This is another subject we've covered previously and, of course, there's a flourishing legitimate industry in costume jewelry that's made to look like something it's not.
What you need to be on the lookout for are cheap items that are portrayed as being genuine valuables.
These include supposedly rare coins, zirconium copies of gemstones, and bogus bullion.
Action: As with all common fakes, the price is usually the most obvious giveaway.
You should also never buy from someone who stops you in the street or parking lot with jewelry or metal they say they found or need to sell for some emergency purpose.
Often they work with an accomplice who feigns interest in the deal or claims to have had a similar item valued.
And if you're considering buying a big ticket item from an unusual source, have it authenticated by an expert first.
Fake Tickets and Autographs
People have ended up in court for selling bogus tickets and autographs -- but sometimes they're innocent victims themselves, having bought the counterfeits from crooks for reselling.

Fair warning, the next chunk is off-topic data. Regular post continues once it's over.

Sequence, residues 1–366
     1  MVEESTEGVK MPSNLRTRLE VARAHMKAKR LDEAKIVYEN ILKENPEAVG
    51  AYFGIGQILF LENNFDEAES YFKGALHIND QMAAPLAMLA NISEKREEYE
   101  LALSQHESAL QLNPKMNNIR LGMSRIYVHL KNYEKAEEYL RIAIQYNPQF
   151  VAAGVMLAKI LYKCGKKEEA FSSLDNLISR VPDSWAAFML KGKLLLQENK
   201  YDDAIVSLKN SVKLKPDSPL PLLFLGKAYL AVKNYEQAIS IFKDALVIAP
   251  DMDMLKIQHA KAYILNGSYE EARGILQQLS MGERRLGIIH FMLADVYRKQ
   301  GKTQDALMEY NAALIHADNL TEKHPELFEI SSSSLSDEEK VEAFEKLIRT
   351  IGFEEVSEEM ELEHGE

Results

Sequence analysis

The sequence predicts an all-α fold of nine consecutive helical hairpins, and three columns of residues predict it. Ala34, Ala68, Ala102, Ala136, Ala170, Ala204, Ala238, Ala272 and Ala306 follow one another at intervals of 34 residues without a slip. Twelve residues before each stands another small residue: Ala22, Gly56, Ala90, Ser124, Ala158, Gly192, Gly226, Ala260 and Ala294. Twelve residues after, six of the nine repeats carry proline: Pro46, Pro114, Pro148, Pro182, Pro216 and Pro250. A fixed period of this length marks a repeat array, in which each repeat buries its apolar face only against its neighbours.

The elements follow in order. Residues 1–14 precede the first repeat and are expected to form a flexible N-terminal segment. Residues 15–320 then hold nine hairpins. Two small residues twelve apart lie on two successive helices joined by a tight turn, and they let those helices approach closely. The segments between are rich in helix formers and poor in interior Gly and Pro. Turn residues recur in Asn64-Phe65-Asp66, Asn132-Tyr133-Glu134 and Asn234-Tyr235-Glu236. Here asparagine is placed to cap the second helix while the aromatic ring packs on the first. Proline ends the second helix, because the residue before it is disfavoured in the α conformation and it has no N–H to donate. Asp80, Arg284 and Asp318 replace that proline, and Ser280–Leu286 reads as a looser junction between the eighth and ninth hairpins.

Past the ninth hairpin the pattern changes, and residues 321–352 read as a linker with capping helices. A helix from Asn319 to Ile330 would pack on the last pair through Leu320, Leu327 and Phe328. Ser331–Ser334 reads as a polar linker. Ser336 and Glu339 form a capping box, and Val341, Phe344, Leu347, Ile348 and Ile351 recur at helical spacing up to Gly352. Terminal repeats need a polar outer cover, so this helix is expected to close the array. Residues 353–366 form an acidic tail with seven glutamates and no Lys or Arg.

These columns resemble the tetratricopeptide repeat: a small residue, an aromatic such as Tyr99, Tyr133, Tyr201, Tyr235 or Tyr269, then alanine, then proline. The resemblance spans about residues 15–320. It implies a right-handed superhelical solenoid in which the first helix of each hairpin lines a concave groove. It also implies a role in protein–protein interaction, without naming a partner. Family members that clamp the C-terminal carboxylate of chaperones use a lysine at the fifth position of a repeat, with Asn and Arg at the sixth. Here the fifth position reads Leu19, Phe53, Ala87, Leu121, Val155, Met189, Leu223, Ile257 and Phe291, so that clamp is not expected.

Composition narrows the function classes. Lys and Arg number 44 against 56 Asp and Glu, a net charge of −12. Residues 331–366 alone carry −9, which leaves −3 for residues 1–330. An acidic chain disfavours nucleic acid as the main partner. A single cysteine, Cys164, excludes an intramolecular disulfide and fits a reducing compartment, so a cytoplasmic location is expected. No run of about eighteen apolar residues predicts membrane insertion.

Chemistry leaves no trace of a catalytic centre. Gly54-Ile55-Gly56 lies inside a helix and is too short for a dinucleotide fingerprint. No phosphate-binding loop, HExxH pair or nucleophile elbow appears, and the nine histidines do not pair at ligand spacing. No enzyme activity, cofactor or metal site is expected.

Fake tickets are increasingly common. They're offered on online classified ad sites like Craigslist and sometimes by scalpers outside of venues.
Phony autographs turn up at collectors' fairs and on Internet auction sites.
In some cases -- wall prints for example -- documents are legitimately described as "estate signed," meaning signed by someone (or even a computer) on behalf of the named person.
These "proxy" signatures are also common with sporting items like bats and balls, which were often signed by sporting heroes' assistants.
This is fine, as long as it's made clear the signature is not an original, but often you're not told.